26. Why this history

Meditations in Deuteronomy : 26 :  Why this History

(Focus: Deut 9:4-6)

Deut 9:4 After the LORD your God has driven them out before you, do not say to yourself, “The LORD has brought me here to take possession of this land because of my righteousness.” No, it is on account of the wickedness of these nations that the LORD is going to drive them out before you.

When God calls us or blesses us, there is a temptation to think we have some merit that has caused Him to do it. I have concluded after many years of thinking about this, that the only reason the Lord saves us (apart, obviously, from His love) is because He sees what He can do for us and with us; He sees that we are people who will surrender to Him and in our place of surrender, He can take us and lead us and use us and bless us and change us more in to the likeness of His Son, Jesus Christ. Your only merit is your ability to surrender! The apostle Paul wrote, He chose the lowly things of this world and the despised things–and the things that are not–to nullify the things that are, so that no one may boast before him,” (1 Cor 1:28,29)  and then, For who makes you different from anyone else? What do you have that you did not receive? And if you did receive it, why do you boast as though you did not?” (1 Cor 4:7) i.e. God chose you because you were weak and you are what you are because of all that He has given you. We have absolutely no grounds for boasting!

Previously Moses had said to Israel, “The LORD did not set his affection on you and choose you because you were more numerous than other peoples, for you were the fewest of all peoples. But it was because the LORD loved you and kept the oath he swore to your forefathers that he brought you out with a mighty hand and redeemed you from the land of slavery.” (Deut 7:7,8)  No Israel, you are what you are, and chosen by God, NOT because you were big and powerful because in fact you are a small nation. It was God’s love and His desire to express good-will towards a nation that He chose you and, perhaps in the light of what we have read in the New Testament, because they had been weak and desperate as slaves.

Thus now Moses seeks to put their call into perspective again. Don’t say the Lord is doing this because we are a righteous people because, in fact, he will conclude this paragraph with “for you are a stiff-necked people.” Oh no, it will be despite you that you will go in and triumph!  No, the primary reason that is now given for what is taking place is because God is going to deal with a bunch of very wicked nations and bring judgment on them and end their national status by either driving them out of the land or utterly destroying them – and He’s going to use Israel to achieve that. In fact, as we’ve noted before, it goes right back to Abraham etc., (the oath he swore to your forefathers), to promises that the Lord made to bring blessing to them, their families and their future people, and part of that included dealing with a very ungodly, unrighteous, occult-driven, pagan, idol-worshipping part of the world! (see Gen 15:12-16)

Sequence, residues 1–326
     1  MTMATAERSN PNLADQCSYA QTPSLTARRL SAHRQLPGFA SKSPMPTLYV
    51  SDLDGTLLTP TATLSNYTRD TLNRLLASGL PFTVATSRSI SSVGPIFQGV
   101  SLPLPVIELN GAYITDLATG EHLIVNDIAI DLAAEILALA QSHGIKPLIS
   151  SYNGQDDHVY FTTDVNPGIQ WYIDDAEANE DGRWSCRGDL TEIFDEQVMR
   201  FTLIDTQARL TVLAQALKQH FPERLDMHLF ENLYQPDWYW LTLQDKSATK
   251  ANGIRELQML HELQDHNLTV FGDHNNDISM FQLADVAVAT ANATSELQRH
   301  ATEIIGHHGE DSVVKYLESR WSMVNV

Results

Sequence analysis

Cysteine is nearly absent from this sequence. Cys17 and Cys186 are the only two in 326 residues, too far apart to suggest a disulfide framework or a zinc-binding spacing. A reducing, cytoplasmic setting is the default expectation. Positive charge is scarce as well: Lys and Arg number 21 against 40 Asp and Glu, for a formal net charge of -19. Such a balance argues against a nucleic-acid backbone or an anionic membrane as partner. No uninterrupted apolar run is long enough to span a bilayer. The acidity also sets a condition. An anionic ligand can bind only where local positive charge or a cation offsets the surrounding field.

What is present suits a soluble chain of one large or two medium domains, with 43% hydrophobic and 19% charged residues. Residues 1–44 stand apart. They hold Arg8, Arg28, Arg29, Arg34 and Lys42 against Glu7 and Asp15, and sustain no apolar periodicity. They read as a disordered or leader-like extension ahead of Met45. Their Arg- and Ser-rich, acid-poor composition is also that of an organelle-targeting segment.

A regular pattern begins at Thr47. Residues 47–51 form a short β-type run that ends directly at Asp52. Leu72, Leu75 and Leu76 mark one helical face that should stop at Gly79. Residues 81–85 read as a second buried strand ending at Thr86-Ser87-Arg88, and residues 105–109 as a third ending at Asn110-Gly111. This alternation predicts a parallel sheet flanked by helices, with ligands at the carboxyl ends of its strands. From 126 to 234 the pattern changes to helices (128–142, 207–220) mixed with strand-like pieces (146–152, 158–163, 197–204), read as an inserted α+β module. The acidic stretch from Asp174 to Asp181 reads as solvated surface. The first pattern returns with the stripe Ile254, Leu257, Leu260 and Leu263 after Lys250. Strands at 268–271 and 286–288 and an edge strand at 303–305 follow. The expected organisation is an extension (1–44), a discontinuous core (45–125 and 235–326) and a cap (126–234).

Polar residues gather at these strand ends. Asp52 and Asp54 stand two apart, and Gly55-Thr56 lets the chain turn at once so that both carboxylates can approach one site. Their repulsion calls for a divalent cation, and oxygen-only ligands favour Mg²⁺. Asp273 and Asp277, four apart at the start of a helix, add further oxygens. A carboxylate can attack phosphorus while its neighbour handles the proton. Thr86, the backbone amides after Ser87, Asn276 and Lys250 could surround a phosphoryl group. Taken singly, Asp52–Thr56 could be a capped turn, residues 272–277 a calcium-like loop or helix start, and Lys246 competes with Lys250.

Moses presses the point: “It is not because of your righteousness or your integrity that you are going in to take possession of their land; but on account of the wickedness of these nations, the LORD your God will drive them out before you.” (9:5). One commentary declares, “Just how sinful many Canaanite religious practices were is now known from archaeological artifacts and from their own epic literature, discovered at Ras Shamra (ancient Ugarit) on the north Syrian coast beginning in 1929. Their “worship” was polytheistic and included child sacrifice, idolatry, religious prostitution and divination.” That was the ‘wickedness’ of the inhabitants of Canaan. It had got to such a point that it was in danger of polluting the earth and so the time had come for the Lord to deal with it. That was part of the package that involved Israel! They were to be the instrument that dealt with this people.

If we hadn’t been sure about the reference just now to “the oath that he swore to your forefathers”, Moses explains it further: “to accomplish what he swore to your fathers, to Abraham, Isaac and Jacob.” (9:5) As we noted just now, this was a promise that their families would inherit this land and at the same time bring judgment on a people who were sinking deeper and deeper into sin which was reaching its peak at this time. It is now time for them to be dealt with.

So, he concludes, “Understand, then, that it is not because of your righteousness that the LORD your God is giving you this good land to possess, for you are a stiff-necked people.” This is not all about you and about how good you are, for indeed, history has shown how you are a rebellious and stubborn people who have a knack of getting it wrong!  The history of the people of Israel, in a nutshell, simply reveals that sinful mankind can’t get it right even when God talks to them and gives them guidance – it needs something much more to deliver the human race from its Sin; it needs the work of Jesus on the Cross and the Holy Spirit’s empowering and changing power today. Nothing less than this means we keep on in our foolish and sinful ways!


16. To Jonah

“God turned up” Meditations: 16 :  To Jonah